Like so many 1980s Rap figures, Slick Rick stepped forth as a fully formed character. He looked the part of royalty, to match his supreme diction, and worldly wisdom. Yet, at the same time, the lyricist was a man of the people—unashamed to encourage illicit behaviors; the album’s opener combated a wounded heart with brute misogyny. Great Adventures… succeeded, as Rick epitomized cool. A skillful producer, Rick was the sonic architect behind his biggest hits—built around pounding percussion. Meanwhile, the Bomb Squad cultivated work very different from their Public Enemy catalog, as Jam Master Jay provided some whimsicality. DJ Vance Wright was the perfect partner in crime, with crisp scratches to enhance the accounts. The album is the perfect dichotomy of Rap’s innocence and its looming adult-minded themes. Part of this album’s charms lie in the fact that it is arguably Rick’s sole unadulterated LP until the late 1990s. Few albums are as technically advanced lyrically, and as carefree and happy as Great Adventures.
Album Number: 1
Released: November 1, 1988
Label: Def Jam/Columbia Records
Highest Charting Position (Top 200): #31 (certified gold, April 1989; certified platinum, October 1989)
Song Guests: DJ Vance Wright
Song Producers: (self), The Bomb Squad (Eric “Vietnam” Sadler & Hank Shocklee), Jam Master Jay
Goin’ Off by Biz Markie
– Round 1 Winner (against Hot, Cool & Vicious by Salt-n-Pepa, 75% to 25%)
Since his arrival, Biz Markie has been a Hip-Hop multi-threat. The Long Island, New York representative is an MC, a DJ, a beat-boxer, and all around party-rocker. By 1988, the Juice Crew alum had applied his seasoned stage show as well as the success he witnessed in acts like Fat Boys and Whodini towards Goin’ Off. As LP opener “Pickin’ Boogers” plainly states, Biz liked to have fun at a time when most MCs took themselves very seriously. However, even on gimmicky Mad magazine-esque tracks, Marcel Hall’s rhymes (many penned by Big Daddy Kane) were no joke. “The Vapors” is minimalist storytelling, as Biz Markie tells a rags-to-riches tale about his crew, without ever overtly stating the theme to laymen. Less structured, the Diabolical rocked nimble stream of consciousness imagery in “Albee Square Mall.” It was this versatility that made Goin’ Off a dynamic album, without even trying.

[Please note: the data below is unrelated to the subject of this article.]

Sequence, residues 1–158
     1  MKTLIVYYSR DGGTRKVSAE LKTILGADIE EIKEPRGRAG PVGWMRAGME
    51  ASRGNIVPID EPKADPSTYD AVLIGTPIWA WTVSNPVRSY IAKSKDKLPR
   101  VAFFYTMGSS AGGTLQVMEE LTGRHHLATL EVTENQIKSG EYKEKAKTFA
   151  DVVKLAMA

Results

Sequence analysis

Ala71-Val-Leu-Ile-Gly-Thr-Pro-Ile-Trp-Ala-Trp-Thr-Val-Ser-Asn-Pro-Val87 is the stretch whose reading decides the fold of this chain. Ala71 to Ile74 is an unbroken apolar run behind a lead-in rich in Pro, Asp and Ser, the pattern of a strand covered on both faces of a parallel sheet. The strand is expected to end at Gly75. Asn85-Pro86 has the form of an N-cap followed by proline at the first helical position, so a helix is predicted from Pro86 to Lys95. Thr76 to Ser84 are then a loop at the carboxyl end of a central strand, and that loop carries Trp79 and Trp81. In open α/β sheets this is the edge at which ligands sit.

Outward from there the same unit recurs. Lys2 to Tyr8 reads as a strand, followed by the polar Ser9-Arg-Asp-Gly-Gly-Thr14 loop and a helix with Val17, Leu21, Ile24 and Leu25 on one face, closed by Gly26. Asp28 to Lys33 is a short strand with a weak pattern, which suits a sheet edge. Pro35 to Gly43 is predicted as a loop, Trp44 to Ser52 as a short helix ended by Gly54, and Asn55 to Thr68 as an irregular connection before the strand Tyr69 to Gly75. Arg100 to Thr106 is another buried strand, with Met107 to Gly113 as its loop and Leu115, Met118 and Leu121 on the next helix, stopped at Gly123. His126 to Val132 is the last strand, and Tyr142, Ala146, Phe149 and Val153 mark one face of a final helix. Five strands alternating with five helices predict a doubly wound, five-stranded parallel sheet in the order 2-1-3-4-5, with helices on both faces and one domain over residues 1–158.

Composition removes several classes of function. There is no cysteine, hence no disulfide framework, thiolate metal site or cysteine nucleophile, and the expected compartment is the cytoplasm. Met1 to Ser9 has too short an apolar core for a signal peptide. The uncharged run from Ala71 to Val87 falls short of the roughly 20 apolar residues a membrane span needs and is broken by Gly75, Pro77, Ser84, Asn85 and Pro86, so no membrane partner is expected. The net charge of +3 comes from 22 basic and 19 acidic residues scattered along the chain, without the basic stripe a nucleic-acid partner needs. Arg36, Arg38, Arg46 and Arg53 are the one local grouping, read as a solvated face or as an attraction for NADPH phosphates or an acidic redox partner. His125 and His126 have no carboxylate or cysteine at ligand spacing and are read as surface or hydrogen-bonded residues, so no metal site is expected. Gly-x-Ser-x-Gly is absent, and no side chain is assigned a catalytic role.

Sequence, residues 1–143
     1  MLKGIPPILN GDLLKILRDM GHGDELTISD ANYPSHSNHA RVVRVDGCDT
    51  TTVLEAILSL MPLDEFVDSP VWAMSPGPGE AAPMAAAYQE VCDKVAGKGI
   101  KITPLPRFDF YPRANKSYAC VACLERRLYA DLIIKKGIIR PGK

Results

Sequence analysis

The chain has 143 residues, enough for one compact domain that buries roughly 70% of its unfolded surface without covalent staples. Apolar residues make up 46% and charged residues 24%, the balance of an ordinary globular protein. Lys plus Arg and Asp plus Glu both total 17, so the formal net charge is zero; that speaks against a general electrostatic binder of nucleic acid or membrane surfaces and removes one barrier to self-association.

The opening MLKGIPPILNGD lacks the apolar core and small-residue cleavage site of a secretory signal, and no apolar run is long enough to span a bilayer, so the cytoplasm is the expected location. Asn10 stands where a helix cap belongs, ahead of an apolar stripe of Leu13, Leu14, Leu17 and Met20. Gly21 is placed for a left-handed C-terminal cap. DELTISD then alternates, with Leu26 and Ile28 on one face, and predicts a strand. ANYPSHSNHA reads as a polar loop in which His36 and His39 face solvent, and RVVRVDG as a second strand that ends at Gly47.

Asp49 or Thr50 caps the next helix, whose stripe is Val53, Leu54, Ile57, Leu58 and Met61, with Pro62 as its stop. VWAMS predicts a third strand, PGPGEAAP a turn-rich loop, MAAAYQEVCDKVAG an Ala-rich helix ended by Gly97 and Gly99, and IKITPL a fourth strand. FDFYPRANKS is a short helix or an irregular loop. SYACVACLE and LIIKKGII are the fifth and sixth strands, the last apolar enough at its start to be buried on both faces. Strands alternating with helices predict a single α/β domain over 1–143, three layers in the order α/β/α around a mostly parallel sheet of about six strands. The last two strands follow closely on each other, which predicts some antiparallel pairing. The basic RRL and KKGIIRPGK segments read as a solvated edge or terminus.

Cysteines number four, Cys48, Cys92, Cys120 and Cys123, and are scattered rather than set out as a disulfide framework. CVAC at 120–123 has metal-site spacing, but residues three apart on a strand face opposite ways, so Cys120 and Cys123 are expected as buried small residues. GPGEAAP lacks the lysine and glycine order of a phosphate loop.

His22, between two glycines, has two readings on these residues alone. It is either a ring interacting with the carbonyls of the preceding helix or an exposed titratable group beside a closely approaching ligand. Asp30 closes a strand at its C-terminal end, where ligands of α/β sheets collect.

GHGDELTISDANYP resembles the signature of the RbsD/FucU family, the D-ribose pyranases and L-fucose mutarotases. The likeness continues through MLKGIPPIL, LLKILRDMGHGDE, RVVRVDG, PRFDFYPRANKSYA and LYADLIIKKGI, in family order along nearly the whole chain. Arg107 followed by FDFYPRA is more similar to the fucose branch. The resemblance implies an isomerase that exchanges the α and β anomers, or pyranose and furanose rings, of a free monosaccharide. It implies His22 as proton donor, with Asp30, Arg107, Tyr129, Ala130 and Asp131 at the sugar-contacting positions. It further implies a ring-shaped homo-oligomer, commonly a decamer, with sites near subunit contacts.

Although Marley Marl’s greatest productions are traditionally associated with other Juice Crew acts, Goin’ Off is an incredible example of stellar arrangements and drum patterns. “Make The Music With Your Mouth” chopped down an Isaac Hayes arrangement so deftly that on its own merits, the handiwork reappeared in the 1990s and 2000s. “Nobody Beats The Biz” married the MC and DJ perfectly, thanks to Cool V’s crisp, high-pitched scratches. From Marley’s sampler and Biz’s spot-on impersonations and pop culture references, this is one of Hip-Hop’s greatest displays of its gestalt of influences. Steve Miller Band, “Reach Out Of The Darkness,” and a commercial for The Wiz were all at play in this one Cold Chillin’ Records LP. Juice Crew’s jester may be remembered as a goofball, but his magnum opus is his Goin’ Off debut, a patchwork of nimble, detailed rhymes, beats, and MC captivation. While many of his peers are more praised for their steadfast lyricism, has anybody’s innocent-minded Hip-Hop hits aged as well as the Biz?
Album Number: 1
Released: February 22, 1988
Label: Cold Chillin’/Warner Bros. Records
Highest Charting Position (Top 200): #90
Song Guests: DJ Cool V
Song Producers: Marley Marl
So what’s the better album? Make sure you vote above.